Saint Mark, Epworth United Methodist congregations merge

It won’t be official until Sunday’s worship service, but longtime Epworth United Methodist Church member Cindi Sturgell said she already has noticed changes at her church.

The congregation is now more diverse, livelier, younger and, well, filling the sanctuary.

On Sunday, the predominantly white congregation at Epworth church officially merges with the predominantly black congregation at Saint Mark United Methodist Church.

The person who first thought of merging the two churches, Gary Brooks, calls it an “Elijah/Elisha” merger, where an older biblical prophet hands the mantle off to a younger, vibrant prophet.

“This has happened a number of times across the nation where a church is struggling and another church either merges with them or takes them over to give them possibility for a new life,” said Brooks, the United Methodist Church district superintendent for the Wichita east district of the Kansas West Conference.

Epworth, near Lincoln and Grove, was founded during World War II and was once considered one of the prominent Methodist churches in the urban area. In its heyday, Sturgell said, it had more than 1,000 members.

In recent years, those numbers had slipped to less than 200. Some Sundays there were less than 100 people attending church.

Her husband, David, 69, has been a member of the congregation for more six decades; she has been a part of it for the past 30.

“When we first started attending the church, it was very active and had lots of people involved in things,” said Cindi Sturgell, 56. “But then, things started declining and we weren’t able to do things.

“We had an older congregation. We were losing young couples – they were all moving out of the area. We were looking at ways of keeping the building open.”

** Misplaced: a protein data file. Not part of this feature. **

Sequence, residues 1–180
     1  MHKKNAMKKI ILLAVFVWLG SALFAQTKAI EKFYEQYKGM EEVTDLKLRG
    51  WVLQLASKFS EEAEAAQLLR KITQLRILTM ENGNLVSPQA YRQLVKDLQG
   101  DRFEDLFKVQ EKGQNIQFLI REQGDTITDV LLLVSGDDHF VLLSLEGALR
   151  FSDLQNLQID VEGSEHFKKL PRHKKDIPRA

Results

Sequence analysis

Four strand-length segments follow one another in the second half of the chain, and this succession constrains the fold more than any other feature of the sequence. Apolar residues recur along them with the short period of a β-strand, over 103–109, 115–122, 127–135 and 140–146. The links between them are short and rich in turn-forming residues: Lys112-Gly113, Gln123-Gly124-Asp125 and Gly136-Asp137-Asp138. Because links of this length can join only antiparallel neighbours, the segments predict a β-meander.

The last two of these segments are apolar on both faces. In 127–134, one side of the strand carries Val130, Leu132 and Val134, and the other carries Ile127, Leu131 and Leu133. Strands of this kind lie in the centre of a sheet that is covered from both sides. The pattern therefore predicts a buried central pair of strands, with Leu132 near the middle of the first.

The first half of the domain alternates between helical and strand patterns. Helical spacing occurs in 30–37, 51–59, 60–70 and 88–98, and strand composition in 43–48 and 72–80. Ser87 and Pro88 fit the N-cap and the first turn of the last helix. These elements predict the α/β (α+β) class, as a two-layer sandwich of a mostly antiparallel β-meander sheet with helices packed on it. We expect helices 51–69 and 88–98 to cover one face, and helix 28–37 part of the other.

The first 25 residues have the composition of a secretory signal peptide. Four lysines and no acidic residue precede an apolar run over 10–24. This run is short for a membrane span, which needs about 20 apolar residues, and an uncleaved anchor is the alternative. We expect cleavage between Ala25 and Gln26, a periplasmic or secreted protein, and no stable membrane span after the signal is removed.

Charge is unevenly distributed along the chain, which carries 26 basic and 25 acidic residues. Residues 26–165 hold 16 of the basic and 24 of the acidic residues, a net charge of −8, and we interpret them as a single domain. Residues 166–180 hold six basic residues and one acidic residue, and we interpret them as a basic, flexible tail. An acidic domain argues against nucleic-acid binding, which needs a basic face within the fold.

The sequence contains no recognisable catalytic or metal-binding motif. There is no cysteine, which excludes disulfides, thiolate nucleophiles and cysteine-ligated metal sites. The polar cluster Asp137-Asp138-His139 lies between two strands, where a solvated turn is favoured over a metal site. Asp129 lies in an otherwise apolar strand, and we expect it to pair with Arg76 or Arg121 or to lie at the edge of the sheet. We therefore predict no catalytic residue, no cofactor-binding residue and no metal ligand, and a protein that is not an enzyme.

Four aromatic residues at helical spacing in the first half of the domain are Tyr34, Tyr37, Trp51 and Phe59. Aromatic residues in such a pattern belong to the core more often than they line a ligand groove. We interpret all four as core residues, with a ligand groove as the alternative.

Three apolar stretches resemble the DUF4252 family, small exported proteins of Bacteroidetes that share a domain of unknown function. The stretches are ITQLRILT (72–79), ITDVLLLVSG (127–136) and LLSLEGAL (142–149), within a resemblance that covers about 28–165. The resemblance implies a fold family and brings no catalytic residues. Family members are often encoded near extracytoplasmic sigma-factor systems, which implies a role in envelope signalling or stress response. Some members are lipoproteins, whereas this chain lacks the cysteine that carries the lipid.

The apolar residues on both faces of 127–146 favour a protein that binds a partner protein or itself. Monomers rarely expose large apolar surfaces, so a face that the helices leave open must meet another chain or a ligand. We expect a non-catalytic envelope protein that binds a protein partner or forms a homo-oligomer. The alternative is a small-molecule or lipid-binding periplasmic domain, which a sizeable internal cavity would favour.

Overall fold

At the same time, Saint Mark – which has roots nearly a century old in Wichita – was looking to expand. The Epworth church will now be known as the Saint Mark UMC Southeast campus.

Saint Mark, 1525 N. Lorraine, is one of the fastest-growing churches in the Wichita east district, Brooks said.

“Saint Mark is a flourishing congregation with enough resources and capacity to expand its footprint in Wichita,” he said.

Junius Dotson will be the senior pastor for the multi-site congregation.

“I think it is a historical opportunity for the churches to unite to renew their mission and not abandon their mission field,” Dotson said Thursday. “We can merge the strength of a larger congregation with one that is on the verge of dying.

“I am hoping this will bring new life and greater community involvement into the area and that a ministry indigenous to the community will emerge.”

One of the first things to be introduced to the Saint Mark Southeast campus will be the Saint Mark Cafe, a small, bistro-style restaurant that will be adjacent to the church building, Dotson said. It will include coffee and pastries and will be a place for the community to meet and conduct meetings.

He said he anticipates it will open within the next 30 days and be staffed by neighborhood teenagers. He said he is developing a business plan in which the church will provide an entrepreneurship program, teaching youth how to run a business.

“We think this will offer a greater slice of life in every ethnicity and create a good opportunity for a worship experience,” Dotson said.